Finding Faith this Easter


For Christians, Easter is a time of celebration. I always look forward to the church service on Easter Sunday because I know the pulpit will be filled with beautiful flowers, the hymns will have a festive tone and a huge brunch will follow the service where I will try desperately not to spill anything on my new Easter dress. We're celebrating the Resurrection of Jesus, and a time where Christians can't help but remember the love Jesus has for his children.

What happens when Easter rolls around and you don't feel much like celebrating? Maybe you're dealing with infertility, undergoing IVF or in the thick of the adoption process, and you're just not in the mood to be festive. Maybe your problem has nothing to do with starting a family, but life's other challenges have you trying to keep your head above water. This Easter, my family is struggling to find joy, to find faith.

My father has struggled with glaucoma for years, and lost most of the vision in his right eye a few years ago. Last Thursday, he had a minor eye surgery on his left eye, and developed a staph infection in his eye. Less than 10 hours later he had lost all vision in his left eye. The doctors told him this week his retina might regenerate in a year, but there are no guarantees. Hopefully he'll be able to see well enough to read, but he will never drive again. He is legally blind. This would be hard news for anyone to receive, but one of my dad's passions is collecting antique cars, and the thought of never driving again really hit him hard.

It has been a hard week for my family. I flew home and spent hours in doctor's offices and hospitals, getting a glimpse of the hell my dad has endured. I watched the proudest man I know, ask me to walk him to the bathroom in an unfamiliar restaurant. I helped my mom learn how to use the computer so she can help my dad check him emails. I heard the bravest man I know say he needs a break from the hourly antibiotic drops he has to put into his eyes- could he just skip one time? I heard both my parents crying as we sat in church yesterday, thinking I didn't notice their tears, as I wiped my own eyes. We're trying to adjust to a new life, but are left questioning why we were put in this situation. My prayers are intertwined with pleas for dad's sight to return, and angry accusations as to why God would have this happen. It's very difficult to watch someone you love so much go through something so terrible. What I need right now is faith, and it's the one thing I'm having a hard time finding.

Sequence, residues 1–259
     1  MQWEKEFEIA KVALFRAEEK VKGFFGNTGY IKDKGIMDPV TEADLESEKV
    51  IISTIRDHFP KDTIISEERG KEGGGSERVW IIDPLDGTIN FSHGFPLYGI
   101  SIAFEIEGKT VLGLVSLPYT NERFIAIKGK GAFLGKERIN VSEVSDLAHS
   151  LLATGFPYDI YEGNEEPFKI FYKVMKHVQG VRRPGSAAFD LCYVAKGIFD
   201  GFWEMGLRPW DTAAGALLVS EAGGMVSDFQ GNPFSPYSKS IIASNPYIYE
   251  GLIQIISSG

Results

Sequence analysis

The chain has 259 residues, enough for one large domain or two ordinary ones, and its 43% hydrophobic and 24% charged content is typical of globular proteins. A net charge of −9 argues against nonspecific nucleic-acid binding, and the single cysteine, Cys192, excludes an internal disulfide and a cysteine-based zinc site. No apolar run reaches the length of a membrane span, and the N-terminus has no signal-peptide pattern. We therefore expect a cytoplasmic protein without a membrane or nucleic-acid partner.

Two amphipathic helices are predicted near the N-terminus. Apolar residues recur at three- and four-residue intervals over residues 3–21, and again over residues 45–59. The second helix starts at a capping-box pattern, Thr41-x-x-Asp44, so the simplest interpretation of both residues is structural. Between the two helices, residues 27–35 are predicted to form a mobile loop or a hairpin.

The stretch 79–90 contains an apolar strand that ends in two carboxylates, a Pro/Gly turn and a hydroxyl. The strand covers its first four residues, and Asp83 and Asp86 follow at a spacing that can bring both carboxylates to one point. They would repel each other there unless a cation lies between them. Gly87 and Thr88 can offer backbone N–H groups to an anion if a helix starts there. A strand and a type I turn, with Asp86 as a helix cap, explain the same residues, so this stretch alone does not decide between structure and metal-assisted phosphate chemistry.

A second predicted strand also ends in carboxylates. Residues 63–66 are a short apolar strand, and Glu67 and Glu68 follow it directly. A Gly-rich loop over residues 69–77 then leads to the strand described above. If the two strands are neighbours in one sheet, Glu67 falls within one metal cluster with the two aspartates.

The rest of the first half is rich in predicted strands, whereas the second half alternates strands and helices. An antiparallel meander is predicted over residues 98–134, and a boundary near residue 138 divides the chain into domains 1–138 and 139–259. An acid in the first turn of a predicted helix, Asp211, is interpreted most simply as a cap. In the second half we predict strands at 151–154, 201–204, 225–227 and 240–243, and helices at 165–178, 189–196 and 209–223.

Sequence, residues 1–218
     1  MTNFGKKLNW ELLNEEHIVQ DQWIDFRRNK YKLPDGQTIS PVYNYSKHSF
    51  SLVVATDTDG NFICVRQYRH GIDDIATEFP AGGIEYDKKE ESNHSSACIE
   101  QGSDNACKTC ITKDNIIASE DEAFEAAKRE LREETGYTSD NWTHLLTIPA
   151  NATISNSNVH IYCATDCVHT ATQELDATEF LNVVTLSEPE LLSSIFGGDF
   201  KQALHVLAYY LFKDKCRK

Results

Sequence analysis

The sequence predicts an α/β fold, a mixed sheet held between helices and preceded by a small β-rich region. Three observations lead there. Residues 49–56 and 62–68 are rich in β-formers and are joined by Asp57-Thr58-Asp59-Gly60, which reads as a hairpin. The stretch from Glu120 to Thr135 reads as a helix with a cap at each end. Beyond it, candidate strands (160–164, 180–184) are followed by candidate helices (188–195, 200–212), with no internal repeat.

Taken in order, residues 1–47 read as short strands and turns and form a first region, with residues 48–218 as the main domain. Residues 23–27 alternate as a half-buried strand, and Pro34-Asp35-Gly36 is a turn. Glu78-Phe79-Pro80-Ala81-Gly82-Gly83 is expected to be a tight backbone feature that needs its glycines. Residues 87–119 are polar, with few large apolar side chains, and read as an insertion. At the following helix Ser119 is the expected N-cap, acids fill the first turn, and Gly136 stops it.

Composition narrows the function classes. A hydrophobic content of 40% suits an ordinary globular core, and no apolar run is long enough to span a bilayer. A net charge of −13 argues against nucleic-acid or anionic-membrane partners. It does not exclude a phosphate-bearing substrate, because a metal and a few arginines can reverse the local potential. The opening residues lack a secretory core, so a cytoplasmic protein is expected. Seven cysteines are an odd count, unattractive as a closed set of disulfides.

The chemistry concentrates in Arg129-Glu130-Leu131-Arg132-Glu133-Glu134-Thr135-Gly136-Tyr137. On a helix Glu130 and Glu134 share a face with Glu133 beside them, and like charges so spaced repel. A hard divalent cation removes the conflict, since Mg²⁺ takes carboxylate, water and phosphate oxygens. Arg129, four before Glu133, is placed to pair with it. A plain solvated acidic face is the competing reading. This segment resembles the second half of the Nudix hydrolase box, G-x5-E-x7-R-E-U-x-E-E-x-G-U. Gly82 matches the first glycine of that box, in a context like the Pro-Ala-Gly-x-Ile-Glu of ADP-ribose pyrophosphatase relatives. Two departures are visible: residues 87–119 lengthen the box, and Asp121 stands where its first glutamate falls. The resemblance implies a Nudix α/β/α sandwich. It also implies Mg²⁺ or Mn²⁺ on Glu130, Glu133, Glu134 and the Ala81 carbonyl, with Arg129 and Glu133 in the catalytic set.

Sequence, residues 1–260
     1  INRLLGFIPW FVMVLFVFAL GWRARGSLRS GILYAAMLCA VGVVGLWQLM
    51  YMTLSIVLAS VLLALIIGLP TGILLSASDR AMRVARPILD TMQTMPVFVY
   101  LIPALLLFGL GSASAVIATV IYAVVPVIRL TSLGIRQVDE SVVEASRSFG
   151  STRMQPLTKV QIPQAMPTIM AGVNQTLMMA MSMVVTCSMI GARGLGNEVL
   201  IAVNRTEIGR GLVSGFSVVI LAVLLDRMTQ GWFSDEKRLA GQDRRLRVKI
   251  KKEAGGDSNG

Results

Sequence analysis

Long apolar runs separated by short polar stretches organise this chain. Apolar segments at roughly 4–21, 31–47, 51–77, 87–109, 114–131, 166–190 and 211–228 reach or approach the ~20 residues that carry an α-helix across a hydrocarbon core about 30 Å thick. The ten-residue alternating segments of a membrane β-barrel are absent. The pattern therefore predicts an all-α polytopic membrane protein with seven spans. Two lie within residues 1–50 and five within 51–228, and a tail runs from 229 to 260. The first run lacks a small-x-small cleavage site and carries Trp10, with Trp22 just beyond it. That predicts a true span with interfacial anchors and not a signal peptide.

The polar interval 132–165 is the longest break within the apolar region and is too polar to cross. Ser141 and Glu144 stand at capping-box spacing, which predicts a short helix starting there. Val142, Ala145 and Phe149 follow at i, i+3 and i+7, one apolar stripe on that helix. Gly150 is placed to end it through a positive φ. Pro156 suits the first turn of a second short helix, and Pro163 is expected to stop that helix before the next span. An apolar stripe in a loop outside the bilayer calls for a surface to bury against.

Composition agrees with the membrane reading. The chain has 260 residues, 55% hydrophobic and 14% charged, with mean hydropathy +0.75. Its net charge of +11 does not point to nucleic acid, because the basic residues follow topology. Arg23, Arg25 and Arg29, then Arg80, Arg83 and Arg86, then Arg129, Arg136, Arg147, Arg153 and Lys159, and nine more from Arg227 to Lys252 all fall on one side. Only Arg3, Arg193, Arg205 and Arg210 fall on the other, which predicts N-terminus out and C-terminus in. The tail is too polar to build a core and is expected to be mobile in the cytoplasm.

For me, faith is not blaming God, but trusting Him. Trusting everything will be okay, trusting my father will find the determination to get through this and trusting the same man that raised me with such temerity, will be the same man who emerges from this battle. I just spent the last week looking at my father's face- it was not full of faith, but fear and dejection, and my father is the ringleader of our group, the one who drags us to church every Sunday since we were children. If he can't find faith, how possibly can I?

I don't know. I'm sure you're looking for something more inspirational, but it's the truth. I don't know how I'm going to find it, but I have faith I will. I might not be in a celebratory mood this Sunday, but I will put on my new Easter dress, go to church and appreciate the beautiful flowers and uplifting hymns. I will then turn to one of my dad's favorite bible verses.

Philippians 4:6-7

6 Do not be anxious about anything, but in every situation, by prayer and petition, with thanksgiving, present your requests to God. 7 And the peace of God, which transcends all understanding, will guard your hearts and your minds in Christ Jesus.

If I have to read it a hundred times, a thousand times, I will. I'll read it until I find the faith, until I find the peace. And so will my dad.

I don't know what battle you're fighting, or if you're even fighting a battle at all. But I do know it helps to realize you're not alone in battle. My cousin always told me she smiles at everyone because you never know what that person might be going through. Life is tough. Life is unexpected. But as one of my favorite poets, Robert Frost said, "In three words I can sum up everything I've learned about life. It goes on."

Might as well go with it. And find time to celebrate.

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